New CEP Report: Extremism In Erdoğan’s AKP

(New York, N.Y.) — The Counter Extremism Project (CEP) released a new report this week, Extremism in Erdoğan’s AKP, ahead of the Turkish general elections on Sunday. The report examines the rise and authoritarian turn of the Justice and Development Party (AKP), explaining how the AKP succeeded in coming in and holding on to power where other Turkish Islamist groups failed.

The report explores the history of Islamism in Turkey, detailing the rise and fall of Islamist parties that preceded the AKP before analyzing the factors that contributed to the AKP’s founding and success. The AKP, founded in 2001 by current Turkish President Recep Tayyip Erdoğan following a split in Turkey’s Islamist movement, has capitalized on the complex divisions in modern Turkish society.

Erdoğan has been a constant presence in Turkish government for the past two decades. He represented the AKP from 2003-2014 as prime minister of Turkey, stepped down from the party in 2014 during his run for president, and returned as the face of the AKP in 2017.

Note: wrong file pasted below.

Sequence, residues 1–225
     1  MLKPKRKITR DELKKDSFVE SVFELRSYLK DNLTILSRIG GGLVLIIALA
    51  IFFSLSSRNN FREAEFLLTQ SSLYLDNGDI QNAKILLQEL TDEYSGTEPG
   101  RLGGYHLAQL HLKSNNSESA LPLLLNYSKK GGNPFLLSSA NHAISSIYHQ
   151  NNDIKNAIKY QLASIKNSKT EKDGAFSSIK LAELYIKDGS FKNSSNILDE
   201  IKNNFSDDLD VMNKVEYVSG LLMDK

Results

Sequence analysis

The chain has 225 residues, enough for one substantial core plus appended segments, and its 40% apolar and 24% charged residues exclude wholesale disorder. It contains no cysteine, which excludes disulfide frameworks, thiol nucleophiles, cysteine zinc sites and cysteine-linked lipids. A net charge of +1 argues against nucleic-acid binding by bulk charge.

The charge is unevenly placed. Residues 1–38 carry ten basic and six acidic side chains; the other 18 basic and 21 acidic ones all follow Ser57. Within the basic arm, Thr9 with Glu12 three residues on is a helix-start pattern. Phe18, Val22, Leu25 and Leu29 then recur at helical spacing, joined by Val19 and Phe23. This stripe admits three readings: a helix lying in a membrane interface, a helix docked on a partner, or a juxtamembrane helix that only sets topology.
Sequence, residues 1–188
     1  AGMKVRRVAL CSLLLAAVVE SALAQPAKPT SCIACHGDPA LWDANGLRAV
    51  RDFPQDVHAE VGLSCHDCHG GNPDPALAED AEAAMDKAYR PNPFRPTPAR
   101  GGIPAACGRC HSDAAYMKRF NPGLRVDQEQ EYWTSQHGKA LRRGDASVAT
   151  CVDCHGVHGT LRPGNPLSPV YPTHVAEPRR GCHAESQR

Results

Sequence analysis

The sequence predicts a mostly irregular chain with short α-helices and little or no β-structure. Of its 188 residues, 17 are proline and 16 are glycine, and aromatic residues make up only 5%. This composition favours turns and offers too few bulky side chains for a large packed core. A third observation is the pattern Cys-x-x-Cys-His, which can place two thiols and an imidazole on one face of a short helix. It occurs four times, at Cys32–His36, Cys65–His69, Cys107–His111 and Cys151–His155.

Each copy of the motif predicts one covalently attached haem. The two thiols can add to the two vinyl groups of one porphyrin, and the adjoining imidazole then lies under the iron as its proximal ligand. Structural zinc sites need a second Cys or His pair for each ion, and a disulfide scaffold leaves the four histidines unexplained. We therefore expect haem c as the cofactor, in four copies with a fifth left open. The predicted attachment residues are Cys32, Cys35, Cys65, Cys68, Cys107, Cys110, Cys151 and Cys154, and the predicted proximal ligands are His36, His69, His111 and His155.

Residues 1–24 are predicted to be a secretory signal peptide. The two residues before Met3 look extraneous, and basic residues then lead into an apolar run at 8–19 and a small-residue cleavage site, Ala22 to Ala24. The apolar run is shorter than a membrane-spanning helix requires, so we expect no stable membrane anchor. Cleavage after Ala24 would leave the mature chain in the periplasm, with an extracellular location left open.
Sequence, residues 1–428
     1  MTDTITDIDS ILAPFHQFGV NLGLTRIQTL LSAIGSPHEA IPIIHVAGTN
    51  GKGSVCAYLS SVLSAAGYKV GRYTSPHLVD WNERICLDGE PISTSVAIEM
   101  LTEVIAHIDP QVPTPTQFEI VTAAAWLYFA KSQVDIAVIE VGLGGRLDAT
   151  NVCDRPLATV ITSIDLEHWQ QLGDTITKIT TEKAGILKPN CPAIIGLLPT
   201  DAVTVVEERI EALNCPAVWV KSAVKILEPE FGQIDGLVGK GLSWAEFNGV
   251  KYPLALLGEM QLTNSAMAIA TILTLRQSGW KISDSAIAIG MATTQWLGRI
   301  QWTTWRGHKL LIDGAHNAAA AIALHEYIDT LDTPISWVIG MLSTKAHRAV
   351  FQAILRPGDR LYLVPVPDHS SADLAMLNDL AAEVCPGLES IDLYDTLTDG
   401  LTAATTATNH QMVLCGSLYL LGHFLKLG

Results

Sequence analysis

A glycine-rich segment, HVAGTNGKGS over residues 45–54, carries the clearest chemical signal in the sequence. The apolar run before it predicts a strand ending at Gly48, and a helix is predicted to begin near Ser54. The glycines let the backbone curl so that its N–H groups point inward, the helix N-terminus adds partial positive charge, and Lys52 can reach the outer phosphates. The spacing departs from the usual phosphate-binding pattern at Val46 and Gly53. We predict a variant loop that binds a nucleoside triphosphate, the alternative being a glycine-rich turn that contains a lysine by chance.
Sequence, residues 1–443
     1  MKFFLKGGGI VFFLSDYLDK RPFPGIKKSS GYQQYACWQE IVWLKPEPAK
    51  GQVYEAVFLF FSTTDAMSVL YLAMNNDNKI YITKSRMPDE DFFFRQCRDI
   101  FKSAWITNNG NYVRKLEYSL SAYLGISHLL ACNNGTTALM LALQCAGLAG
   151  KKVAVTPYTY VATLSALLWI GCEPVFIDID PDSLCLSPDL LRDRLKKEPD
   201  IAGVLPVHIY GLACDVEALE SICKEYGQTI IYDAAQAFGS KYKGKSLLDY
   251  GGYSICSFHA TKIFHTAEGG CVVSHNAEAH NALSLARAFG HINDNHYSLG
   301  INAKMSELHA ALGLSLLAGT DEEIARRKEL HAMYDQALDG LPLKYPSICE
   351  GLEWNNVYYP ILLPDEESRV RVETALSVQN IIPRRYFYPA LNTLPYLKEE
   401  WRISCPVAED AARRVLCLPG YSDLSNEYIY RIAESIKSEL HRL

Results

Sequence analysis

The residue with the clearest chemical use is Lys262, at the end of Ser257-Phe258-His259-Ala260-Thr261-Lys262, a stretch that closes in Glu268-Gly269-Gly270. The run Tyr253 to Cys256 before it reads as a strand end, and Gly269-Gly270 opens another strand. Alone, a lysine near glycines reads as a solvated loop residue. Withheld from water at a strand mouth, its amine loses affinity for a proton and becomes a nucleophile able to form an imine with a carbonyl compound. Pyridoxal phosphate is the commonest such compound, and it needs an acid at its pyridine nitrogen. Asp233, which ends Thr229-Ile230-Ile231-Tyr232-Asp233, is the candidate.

As a result, the AKP has shifted from its self-described ideology of conservative democracy to one commonly known as “Erdoğanism.” Erdoğanism has drastically increased state power, created a cult around Erdoğan, portrayed traditional Muslim “Black Turks” as the genuine owners of Turkey over secular “White Turks,” and aimed to return Turkey to its Ottoman-era leadership of the Muslim world. The report finds that the Erdoğan government has oppressed vulnerable communities, including women and LGBT Turks.

Erdoğan seeks another presidential term in this Sunday’s elections. He is running against Kemal Kilicdaroglu of the secular Republican People’s Party (CHP) as well as less popular candidates Muharrem Ince and Sinan Ogan. If Erdoğan succeeds, he will serve until 2028, when he will be term-limited. Erdoğan has also threatened not to hand over power if he loses.

To read CEP’s report Extremism in Erdoğan’s AKP, please click here.

To speak with a CEP expert on the upcoming Turkish elections, please contact [email protected].

Related Press Resources

Daily Dose

Extremists: Their Words. Their Actions.

Fact:

On January 23, 2019, two car bombs exploded outside of a mosque in Benghazi, Libya, killing 41 people and injuring 80 others. No group claimed responsibility for the blast, but remnants suggested an ISIS affiliate was responsible.  

View Archive